Bulldog school spirit changes with time


Jaime Yaukey and Madana Tyger

As the school years come and go, more students enter and leave Big Spring High School and they take spirit with them or bring spirit with them. A question that always arises is whether our student body has more school spirit than opposing teams, or less school spirit. Some of Big Spring may conclude that Big Spring’s students are and have been lacking school spirit, but others may disagree and comment that the school is doing well with their support.

Randy Jones, graduated Big Spring in 2005 and the head coach of girls’ basketball, believes the students are neutral in their school spirit. Jones said, “We are on our way. I think our collaboration group needs to bring more fun activities, as well as our freshman and sophomores should keep getting passionate so when they’re seniors and juniors our school spirits will be high.” Jones believes that the school spirit at BSHS when she was a student was outstanding. “Our school spirit was awesome! My class was the original goal line girls, and it seemed like our pep rallies were half a day long. Everyone would come together to support, whether friends or not.”

“We need more involvement,” Jones said. “It only takes one person to get things started- a leader is all we need. We just need someone willing to overcome their fears. Since a lot of kids have to work, it limits the time for being able to come and participate in our school spirit.”

Jill Davis, an English teacher at Big Spring for 33 years, agreed that school spirit changes are dependent on the kids having jobs. Davis also believes that when a team is winning, it gains more supporters, and more people want to start attending because it’s exciting. She thinks that BSHS’s basketball team this season had a lot of supporters and spirit in the stands, and that Big Spring will always have more crowds than the opposing team- even at away games. “Our community always has spirit and love for BSHS sport teams. High school athletics are the purest form and nobody gets paid and they play because of the love for the game. It seems like teams didn’t care about winning or losing, they just liked playing the game.” Davis said.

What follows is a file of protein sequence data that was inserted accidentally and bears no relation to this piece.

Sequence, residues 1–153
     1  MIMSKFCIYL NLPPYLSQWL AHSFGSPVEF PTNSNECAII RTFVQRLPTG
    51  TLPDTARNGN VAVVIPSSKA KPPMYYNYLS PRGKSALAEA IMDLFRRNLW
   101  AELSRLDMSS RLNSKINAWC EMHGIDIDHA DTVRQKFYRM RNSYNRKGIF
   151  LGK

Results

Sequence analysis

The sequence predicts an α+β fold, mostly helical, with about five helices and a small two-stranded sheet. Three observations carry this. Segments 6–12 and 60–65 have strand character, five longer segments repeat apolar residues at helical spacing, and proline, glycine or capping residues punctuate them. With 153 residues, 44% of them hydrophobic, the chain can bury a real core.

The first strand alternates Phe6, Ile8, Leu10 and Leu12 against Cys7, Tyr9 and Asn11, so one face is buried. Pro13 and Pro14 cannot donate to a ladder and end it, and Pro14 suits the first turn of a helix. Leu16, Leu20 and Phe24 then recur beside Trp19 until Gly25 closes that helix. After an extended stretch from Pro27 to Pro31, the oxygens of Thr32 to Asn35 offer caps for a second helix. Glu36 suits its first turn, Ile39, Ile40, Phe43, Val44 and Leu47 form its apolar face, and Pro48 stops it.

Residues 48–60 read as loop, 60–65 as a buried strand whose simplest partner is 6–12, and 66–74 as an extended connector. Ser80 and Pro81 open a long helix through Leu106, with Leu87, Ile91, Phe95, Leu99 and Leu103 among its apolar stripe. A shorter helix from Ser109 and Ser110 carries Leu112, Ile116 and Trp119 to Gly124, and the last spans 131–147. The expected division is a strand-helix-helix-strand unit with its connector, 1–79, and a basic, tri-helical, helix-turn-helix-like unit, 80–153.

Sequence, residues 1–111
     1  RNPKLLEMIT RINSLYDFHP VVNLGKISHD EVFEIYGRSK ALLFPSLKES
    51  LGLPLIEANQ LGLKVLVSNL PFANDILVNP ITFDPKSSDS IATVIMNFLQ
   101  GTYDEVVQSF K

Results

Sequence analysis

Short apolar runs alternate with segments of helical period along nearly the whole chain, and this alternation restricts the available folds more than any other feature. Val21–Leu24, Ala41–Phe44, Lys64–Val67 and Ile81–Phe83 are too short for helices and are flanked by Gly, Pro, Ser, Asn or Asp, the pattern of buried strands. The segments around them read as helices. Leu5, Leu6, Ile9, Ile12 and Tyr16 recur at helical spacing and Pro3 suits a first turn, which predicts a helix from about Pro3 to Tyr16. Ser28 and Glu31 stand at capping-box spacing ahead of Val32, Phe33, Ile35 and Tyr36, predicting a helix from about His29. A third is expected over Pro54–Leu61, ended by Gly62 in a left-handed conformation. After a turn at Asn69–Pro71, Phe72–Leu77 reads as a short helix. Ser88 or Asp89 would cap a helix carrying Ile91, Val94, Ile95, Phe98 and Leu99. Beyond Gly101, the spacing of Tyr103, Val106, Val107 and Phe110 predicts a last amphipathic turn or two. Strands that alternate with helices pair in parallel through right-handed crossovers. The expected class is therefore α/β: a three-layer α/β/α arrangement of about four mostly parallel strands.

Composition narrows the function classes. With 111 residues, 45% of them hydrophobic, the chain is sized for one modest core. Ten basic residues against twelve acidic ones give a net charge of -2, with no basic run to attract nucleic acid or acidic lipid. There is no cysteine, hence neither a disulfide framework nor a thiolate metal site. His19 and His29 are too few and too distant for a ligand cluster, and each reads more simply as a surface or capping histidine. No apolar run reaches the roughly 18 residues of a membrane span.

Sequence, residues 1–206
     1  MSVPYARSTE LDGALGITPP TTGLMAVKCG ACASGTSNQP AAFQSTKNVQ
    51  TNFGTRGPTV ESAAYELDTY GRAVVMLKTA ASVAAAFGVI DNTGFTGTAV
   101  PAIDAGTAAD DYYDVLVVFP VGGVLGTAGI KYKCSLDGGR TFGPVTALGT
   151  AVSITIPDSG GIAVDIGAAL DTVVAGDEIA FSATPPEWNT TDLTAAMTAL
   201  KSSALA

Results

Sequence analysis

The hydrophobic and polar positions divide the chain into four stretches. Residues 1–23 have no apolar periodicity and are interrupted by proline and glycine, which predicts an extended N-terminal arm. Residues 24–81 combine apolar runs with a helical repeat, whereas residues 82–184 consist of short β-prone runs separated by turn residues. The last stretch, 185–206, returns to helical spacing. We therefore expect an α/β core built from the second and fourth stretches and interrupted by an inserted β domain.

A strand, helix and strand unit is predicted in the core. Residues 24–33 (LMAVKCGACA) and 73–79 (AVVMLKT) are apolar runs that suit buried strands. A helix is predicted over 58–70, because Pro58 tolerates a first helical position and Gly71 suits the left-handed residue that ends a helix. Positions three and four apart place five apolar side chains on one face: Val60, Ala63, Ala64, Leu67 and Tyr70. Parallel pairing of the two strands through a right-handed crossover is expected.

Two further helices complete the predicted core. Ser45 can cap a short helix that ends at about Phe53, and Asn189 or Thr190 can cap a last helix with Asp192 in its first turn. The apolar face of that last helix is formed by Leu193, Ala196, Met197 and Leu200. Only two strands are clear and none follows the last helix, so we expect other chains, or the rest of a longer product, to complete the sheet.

Lydia George and Jordan Yaukey, both graduates of the class of 2013, agreed that the school spirit was high when they were students as well and that everyone participated in the color wars and there were many girls that were open to doing Goal Line Girls. “I’ve only been to a few basketball games recently so I haven’t seen the current school spirit firsthand,” George said, “but I enjoyed the enthusiasm the new bulldog was bringing and I’m aware that Goal Line Girls is still a group supporting football, so that’s good!”

Yaukey, however, thinks our school spirit has gone downhill. “It’s changed a lot,” Yaukey said. “The student section when I was in school was always rowdy and I remember different themes for every basketball game, even away games. The referees would often tell us to quiet down. Now I barely hear a peep out of the home basketball games I’ve attended!” She was vastly disappointed.

Yaukey and George both said they believe the school spirit will start rocketing as soon as students and other sports teams begin to support each other. The two girls also believed that their class had done a great job of supporting each other. “Athletes should be supporting athletes,” Yaukey said. “Students need to go to sporting events to socialize with friends and to support the team, not just show up but actually get involved. As an athlete, it was always so much fun and more encouraging to have fans and friends cheering the team on from the sideline and stands. Plus, it makes for great conversation later on when discussing the games.”

Freshman Bryanna Lehman, who does not know what the spirit was like before she attended, says that she believes that Big Spring High School is lacking spirit currently and the reason is because everyone is a “debby downer” and does not want to participate, and the attitudes of those going to the sporting events to watch isn’t always the right attitude.

“Nobody seems to care until something big happens, like the wrestling team making it to districts. Then once that happens, something big with one of our teams, everyone seems to care but people need to be there from the beginning, not just hop on as soon as something good happens.” Lehman said.